• Decision tree analysis is a tool used in decision-making to evaluate different options and potential outcomes.
• It involves creating a diagram that shows the options connected with a decision and the possible outcomes and economic returns that may result.
• Decision Trees are graphical in nature i.e. they are mainly diagrams.

#### Main features of a decision tree

• As already said a decision tree is a graphical representation of a decision problem that shows the different options available, the possible outcomes that could result from each option, and the probability of each outcome occurring.
• The tree is constructed from left to right, with the options represented as branches that emanate from a decision node on the left-hand side of the tree.
• Each option branch is then subdivided into further branches, which represent the different possible outcomes that could result from that option.
• At the end of each outcome branch, shown as a circle (or another shape) is used to represent the potential outcome.
• Alongside each potential outcome, the probability of that outcome occurring is shown, often as a percentage.
• The economic returns associated with each outcome are also typically shown alongside the outcome and probability, such as in terms of revenue or profit.
• Decision-making trees can be helpful for breaking down complex decision problems into manageable parts and for making explicit the underlying assumptions and probabilities associated with different options and outcomes.
• The accuracy of data used in decision tree analysis is crucial, as probabilities may not always be true for the future.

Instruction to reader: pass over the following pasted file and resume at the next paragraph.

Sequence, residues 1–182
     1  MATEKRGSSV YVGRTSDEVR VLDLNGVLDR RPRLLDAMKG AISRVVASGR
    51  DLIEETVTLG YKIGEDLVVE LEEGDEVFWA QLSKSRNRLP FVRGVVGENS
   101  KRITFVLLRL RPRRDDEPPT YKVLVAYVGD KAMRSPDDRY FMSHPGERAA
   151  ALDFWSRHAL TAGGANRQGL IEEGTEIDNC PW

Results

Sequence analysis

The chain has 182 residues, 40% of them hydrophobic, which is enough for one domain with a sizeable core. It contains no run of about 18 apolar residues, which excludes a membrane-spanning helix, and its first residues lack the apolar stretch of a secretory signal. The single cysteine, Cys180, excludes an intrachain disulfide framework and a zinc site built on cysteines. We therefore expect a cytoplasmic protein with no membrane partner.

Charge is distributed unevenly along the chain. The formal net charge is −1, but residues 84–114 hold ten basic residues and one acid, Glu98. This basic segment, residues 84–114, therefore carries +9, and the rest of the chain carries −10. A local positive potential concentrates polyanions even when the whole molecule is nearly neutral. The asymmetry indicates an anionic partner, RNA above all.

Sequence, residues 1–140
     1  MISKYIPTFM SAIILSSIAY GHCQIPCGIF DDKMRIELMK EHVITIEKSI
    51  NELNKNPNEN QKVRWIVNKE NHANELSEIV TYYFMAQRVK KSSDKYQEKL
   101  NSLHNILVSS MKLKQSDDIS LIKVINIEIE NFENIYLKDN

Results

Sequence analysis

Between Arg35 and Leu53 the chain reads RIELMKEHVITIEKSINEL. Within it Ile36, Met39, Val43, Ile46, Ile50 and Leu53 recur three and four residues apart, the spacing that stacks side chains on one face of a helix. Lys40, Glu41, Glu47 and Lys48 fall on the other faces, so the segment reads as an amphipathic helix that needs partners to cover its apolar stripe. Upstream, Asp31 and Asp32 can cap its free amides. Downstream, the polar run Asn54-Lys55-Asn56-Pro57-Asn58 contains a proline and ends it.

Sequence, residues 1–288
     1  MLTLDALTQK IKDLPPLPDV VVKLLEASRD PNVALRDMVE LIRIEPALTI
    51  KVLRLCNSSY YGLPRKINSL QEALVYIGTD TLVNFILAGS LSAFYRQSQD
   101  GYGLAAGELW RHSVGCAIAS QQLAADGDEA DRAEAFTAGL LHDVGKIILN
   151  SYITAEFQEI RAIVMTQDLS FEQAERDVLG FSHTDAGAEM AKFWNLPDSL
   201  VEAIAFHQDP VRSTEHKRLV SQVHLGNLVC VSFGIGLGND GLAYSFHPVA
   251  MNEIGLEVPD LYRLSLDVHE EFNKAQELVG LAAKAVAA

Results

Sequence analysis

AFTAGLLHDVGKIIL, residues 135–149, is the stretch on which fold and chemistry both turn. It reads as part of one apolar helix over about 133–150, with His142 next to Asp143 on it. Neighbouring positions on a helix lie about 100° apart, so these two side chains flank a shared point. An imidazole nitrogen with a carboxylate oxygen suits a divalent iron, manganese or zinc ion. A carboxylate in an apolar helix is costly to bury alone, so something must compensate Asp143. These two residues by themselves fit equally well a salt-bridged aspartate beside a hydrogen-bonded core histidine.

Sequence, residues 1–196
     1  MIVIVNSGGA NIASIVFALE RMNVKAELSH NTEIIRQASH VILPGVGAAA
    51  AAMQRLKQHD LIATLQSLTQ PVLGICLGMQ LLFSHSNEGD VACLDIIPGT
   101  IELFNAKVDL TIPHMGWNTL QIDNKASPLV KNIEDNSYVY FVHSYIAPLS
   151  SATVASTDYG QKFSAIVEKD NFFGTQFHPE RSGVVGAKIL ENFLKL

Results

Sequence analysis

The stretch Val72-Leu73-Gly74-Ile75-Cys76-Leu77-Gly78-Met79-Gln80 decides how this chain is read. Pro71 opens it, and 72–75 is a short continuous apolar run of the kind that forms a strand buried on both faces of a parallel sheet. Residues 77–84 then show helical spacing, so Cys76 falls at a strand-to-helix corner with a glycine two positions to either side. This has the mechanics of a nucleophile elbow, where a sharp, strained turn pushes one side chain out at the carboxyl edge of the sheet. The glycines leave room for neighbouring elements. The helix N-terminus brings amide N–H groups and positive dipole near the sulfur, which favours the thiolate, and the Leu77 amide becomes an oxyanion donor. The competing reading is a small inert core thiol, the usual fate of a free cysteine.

• Decision trees aid the decision-making process, but they cannot replace the consideration of non-numerical and qualitative factors.

#### A fictitious example

Below are some steps an example of a company considering opening a branch in rural Zimbabwe can use to carry out decision tree analysis:

1. Identify the decision to be made:
• Whether or not to open a new branch in rural Zimbabwe.
1. Identify the options available:
• Option 1: Open the new branch in rural Zimbabwe.
• Option 2: Do not open the new branch in rural Zimbabwe.
1. Identify the possible outcomes of each option:
• Option 1 outcomes:
• Outcome 1: The new branch is successful and generates a profit of \$100,000 per year.
• Outcome 2: The new branch is moderately successful and generates a profit of \$50,000 per year.
• Outcome 3: The new branch is not successful and generates a loss of \$50,000 per year.
• Option 2 outcomes:
• Outcome 4: The company does not expand and maintains its current profit of \$500,000 per year.
1. Determine the probabilities of each outcome:
• Outcome 1: 30% chance of occurring.
• Outcome 2: 50% chance of occurring.
• Outcome 3: 20% chance of occurring.
• Outcome 4: 100% chance of occurring.
1. Calculate the expected values for each option:
• Option 1 expected value: (0.3 x \$100,000) + (0.5 x \$50,000) + (0.2 x -\$50,000) = \$35,000
• Option 2 expected value: (1 x \$500,000) = \$500,000
1. Determine the best decision based on the expected values:
• Option 1 has an expected value of \$35,000.
• Option 2 has an expected value of \$500,000.
• Therefore, the best decision would be to not open the new branch in rural Zimbabwe, as it has a higher expected value.

Note: These figures are purely hypothetical and do not reflect the actual market conditions or financial situation of any specific company.